<1%, postmarketing, and/or case reports: Allergic conjunctivitis, asthma, conjunctival hyperemia, corneal disease, corneal erosion, corneal infiltrates, corneal perforation, corneal thinning, corneal ulcer, cough, dyspnea, eczema, erythema, hypersensitivity reaction, ocular hyperemia, skin rash, urticaria
Concerns related to adverse effects:
• Aspirin/NSAID sensitivity: Use with caution in patients with previous sensitivity to acetylsalicylic acid and phenylacetic acid derivatives, including patients who experience bronchospasm, asthma, rhinitis, or urticaria following NSAID or aspirin therapy.
• Bleeding and/or healing delay: May slow/delay healing or prolong bleeding time following surgery. Use caution in patients at risk of bleeding or taking concomitant medication that may increase risk of bleeding and in patients receiving concomitant topical steroid therapy due to risks for impaired/delayed healing and corneal complications.
• Keratitis: Use of topical ophthalmic NSAIDs may be associated with keratitis. Continued use may be associated with sight-threatening complications, including corneal perforation. Discontinue use of topical NSAIDs in any patient with evidence of corneal epithelial breakdown.
• Diabetes: Use with caution in patients with diabetes mellitus; may be at risk of corneal adverse events, potentially resulting in loss of vision.
• Ocular disease: Use with caution in patients with complicated ocular surgeries, corneal denervation, corneal epithelial defects, ocular surface disease, or repeat ocular surgeries (within a short timeframe); may be at risk of corneal adverse events, potentially resulting in loss of vision. Onset or progression of ocular infections may be masked during therapy; monitor for development of infection and if necessary, initiate concurrent antimicrobial therapy.
• Rheumatoid arthritis: Use with caution in patients with rheumatoid arthritis; may be at risk of corneal adverse events, potentially resulting in loss of vision.
• Post-surgical patients: To minimize the risk of infection following surgery of both eyes, two separate bottles of eye drops (one for each eye) should be used; instruct patients not to use the same bottle for both eyes.
• Follow up/monitoring: Monitor patients for 1 year following application of ophthalmic drops for corneal refractive procedures. Patients using diclofenac ophthalmic drops should not wear soft contact lenses.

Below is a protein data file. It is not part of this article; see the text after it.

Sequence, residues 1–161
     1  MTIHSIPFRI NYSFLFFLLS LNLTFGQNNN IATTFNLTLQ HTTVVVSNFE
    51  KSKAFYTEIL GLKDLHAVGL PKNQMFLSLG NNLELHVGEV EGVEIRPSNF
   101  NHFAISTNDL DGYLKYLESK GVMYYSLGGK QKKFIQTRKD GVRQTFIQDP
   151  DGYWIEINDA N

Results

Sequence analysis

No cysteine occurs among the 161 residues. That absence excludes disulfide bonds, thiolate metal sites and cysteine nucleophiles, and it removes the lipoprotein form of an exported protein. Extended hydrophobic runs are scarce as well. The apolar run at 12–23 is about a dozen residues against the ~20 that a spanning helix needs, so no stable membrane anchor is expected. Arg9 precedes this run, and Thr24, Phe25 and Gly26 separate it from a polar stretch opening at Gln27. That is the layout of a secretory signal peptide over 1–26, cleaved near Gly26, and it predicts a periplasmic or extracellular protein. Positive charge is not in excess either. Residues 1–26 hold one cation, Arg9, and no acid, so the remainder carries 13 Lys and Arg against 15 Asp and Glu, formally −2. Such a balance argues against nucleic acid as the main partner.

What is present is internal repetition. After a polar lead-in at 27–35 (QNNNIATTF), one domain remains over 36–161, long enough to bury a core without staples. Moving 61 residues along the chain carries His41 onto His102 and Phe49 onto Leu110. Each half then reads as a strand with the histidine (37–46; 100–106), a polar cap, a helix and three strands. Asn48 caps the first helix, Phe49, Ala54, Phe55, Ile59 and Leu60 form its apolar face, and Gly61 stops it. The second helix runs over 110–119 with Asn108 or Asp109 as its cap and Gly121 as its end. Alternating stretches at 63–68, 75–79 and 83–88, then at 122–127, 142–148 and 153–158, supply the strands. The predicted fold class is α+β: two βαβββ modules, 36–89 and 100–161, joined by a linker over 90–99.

• Prolonged use: Use of topical ophthalmic NSAIDs for more than 24 hours prior to surgery and greater than 14 days after ocular surgery has been associated with an increased risk of more frequent and severe corneal adverse events.
Pregnancy Risk Factor
Adverse events have not been observed in animal reproduction studies. The amount of diclofenac available systemically following application of the ophthalmic drops is estimated to be below quantifiable limits. If ophthalmic agents are needed during pregnancy, the minimum effective dose should be used in combination with punctal occlusion to decrease potential exposure to the fetus (Samples 1988). However, because it may cause prenatal constriction of the ductus arteriosus, the manufacturer recommends that the use of diclofenac ophthalmic drops late in pregnancy be avoided.
• Discuss specific use of drug and side effects with patient as it relates to treatment. (HCAHPS: During this hospital stay, were you given any medicine that you had not taken before? Before giving you any new medicine, how often did hospital staff tell you what the medicine was for? How often did hospital staff describe possible side effects in a way you could understand?)
• Patient may experience burning, stinging, or change in tears. Have patient report immediately to prescriber vision changes, eye pain, severe eye irritation, eye discharge, bleeding in eye, or edema of eye or eyelid (HCAHPS).
• Educate patient about signs of a significant reaction (eg, wheezing; chest tightness; fever; itching; bad cough; blue skin color; seizures; or swelling of face, lips, tongue, or throat). Note: This is not a comprehensive list of all side effects. Patient should consult prescriber for additional questions.
Intended Use and Disclaimer: Should not be printed and given to patients. This information is intended to serve as a concise initial reference for healthcare professionals to use when discussing medications with a patient. You must ultimately rely on your own discretion, experience and judgment in diagnosing, treating and advising patients.
Always consult your healthcare provider to ensure the information displayed on this page applies to your personal circumstances.
More about diclofenac ophthalmic
- Side Effects
- During Pregnancy or Breastfeeding
- Dosage Information
- Drug Interactions
- Compare Alternatives
- Pricing & Coupons
- En Español
- 1 Review
- Drug class: ophthalmic anti-inflammatory agents
- FDA Alerts (2)
Other brands: Voltaren Ophthalmic